To set dedicated Telemetry nodes, remove the Telemetry services from the Controller role. Copy /usr/share/openstack-tripleo-heat-templates/roles_data.yaml to /home/stack/templates/roles_data.yaml. Then, remove the following lines from the ServicesDefault list of the Controller role:

    - OS::TripleO::Services::CeilometerAgentCentral
    - OS::TripleO::Services::CeilometerAgentNotification
    - OS::TripleO::Services::GnocchiApi
    - OS::TripleO::Services::GnocchiMetricd
    - OS::TripleO::Services::GnocchiStatsd
    - OS::TripleO::Services::AodhApi
    - OS::TripleO::Services::AodhEvaluator
    - OS::TripleO::Services::AodhNotifier
    - OS::TripleO::Services::AodhListener
    - OS::TripleO::Services::PankoApi
    - OS::TripleO::Services::CeilometerAgentIpmi

Next, add the following snippet to /home/stack/templates/roles_data.yaml:

- name: Telemetry
  ServicesDefault:
    - OS::TripleO::Services::CACerts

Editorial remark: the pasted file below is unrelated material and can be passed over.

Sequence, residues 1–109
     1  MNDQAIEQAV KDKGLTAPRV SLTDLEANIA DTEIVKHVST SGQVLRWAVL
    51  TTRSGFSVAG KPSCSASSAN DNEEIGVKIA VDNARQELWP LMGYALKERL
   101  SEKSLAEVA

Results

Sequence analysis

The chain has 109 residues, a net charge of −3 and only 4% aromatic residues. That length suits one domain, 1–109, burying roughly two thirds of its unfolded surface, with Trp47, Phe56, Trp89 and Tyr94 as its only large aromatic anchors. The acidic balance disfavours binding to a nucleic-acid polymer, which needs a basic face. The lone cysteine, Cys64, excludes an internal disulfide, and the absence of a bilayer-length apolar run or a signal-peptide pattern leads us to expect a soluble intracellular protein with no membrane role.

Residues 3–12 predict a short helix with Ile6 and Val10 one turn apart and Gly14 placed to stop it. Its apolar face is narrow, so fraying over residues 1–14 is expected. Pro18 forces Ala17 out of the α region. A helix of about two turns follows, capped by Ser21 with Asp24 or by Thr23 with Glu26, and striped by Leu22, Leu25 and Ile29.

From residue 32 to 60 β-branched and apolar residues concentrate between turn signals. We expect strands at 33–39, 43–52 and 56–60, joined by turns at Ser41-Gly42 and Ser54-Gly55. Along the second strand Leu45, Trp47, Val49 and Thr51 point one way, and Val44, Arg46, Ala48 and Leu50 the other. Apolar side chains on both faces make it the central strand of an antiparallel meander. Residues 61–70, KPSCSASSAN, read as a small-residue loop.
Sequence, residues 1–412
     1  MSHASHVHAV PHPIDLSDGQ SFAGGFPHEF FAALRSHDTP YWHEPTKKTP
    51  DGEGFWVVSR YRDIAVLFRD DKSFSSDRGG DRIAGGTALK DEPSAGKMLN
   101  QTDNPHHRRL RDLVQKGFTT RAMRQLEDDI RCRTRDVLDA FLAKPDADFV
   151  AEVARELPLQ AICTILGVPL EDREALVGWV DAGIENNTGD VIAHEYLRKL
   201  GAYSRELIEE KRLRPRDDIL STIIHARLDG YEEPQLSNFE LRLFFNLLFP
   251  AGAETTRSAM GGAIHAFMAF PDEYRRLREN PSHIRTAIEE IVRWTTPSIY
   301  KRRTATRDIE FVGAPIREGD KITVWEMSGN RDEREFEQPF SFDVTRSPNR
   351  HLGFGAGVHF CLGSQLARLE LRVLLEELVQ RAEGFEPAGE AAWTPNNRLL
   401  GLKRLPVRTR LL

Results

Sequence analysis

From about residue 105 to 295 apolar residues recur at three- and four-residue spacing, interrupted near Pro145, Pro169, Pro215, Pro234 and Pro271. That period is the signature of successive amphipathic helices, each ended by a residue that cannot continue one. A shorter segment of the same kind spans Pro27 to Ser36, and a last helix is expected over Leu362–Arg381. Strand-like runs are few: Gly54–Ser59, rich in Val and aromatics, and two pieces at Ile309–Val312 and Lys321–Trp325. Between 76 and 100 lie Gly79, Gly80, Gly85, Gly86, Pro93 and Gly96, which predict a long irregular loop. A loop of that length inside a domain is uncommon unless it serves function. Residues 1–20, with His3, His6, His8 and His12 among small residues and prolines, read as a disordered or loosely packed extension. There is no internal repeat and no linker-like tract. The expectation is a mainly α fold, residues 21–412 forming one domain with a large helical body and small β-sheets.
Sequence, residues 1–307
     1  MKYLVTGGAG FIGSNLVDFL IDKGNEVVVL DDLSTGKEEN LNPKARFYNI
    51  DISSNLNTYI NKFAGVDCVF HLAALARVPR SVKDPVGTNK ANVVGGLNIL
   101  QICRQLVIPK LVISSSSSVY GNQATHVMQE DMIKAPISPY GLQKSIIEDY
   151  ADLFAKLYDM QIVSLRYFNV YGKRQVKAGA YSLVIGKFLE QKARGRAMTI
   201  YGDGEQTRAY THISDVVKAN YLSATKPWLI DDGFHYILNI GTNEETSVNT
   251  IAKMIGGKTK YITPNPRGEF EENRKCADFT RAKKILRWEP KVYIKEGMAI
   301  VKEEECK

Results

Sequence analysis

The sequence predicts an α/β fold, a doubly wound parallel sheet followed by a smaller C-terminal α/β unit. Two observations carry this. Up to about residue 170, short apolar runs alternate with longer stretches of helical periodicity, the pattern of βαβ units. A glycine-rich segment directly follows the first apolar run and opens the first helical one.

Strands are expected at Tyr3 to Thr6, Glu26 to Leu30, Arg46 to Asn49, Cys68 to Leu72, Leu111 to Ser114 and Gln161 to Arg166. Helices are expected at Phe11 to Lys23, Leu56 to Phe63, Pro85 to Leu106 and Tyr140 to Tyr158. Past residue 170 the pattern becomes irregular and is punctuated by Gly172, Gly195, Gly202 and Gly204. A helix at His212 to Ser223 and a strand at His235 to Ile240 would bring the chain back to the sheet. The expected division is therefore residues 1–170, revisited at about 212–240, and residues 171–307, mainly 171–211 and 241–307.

- OS::TripleO::Services::CertmongerUser
    - OS::TripleO::Services::Kernel
    - OS::TripleO::Services::Ntp
    - OS::TripleO::Services::Timezone
    - OS::TripleO::Services::Snmp
    - OS::TripleO::Services::Sshd
    - OS::TripleO::Services::Securetty
    - OS::TripleO::Services::TripleoPackages
    - OS::TripleO::Services::TripleoFirewall
    - OS::TripleO::Services::SensuClient
    - OS::TripleO::Services::FluentdClient
    - OS::TripleO::Services::AuditD
    - OS::TripleO::Services::Collectd
    - OS::TripleO::Services::MySQLClient
    - OS::TripleO::Services::Docker
    - OS::TripleO::Services::CeilometerAgentCentral
    - OS::TripleO::Services::CeilometerAgentNotification
    - OS::TripleO::Services::GnocchiApi
    - OS::TripleO::Services::GnocchiMetricd
    - OS::TripleO::Services::GnocchiStatsd
    - OS::TripleO::Services::AodhApi
    - OS::TripleO::Services::AodhEvaluator
    - OS::TripleO::Services::AodhNotifier
    - OS::TripleO::Services::AodhListener
    - OS::TripleO::Services::PankoApi
    - OS::TripleO::Services::CeilometerAgentIpmi

Set how many dedicated nodes for the Telemetry service through your environment file. For example, add TelemetryCount: 3 to the parameter_defaults in your environment file (for example, /home/stack/storage-environment.yaml) to deploy 3 dedicated Telemetry nodes:

parameter_defaults:
  TelemetryCount: 3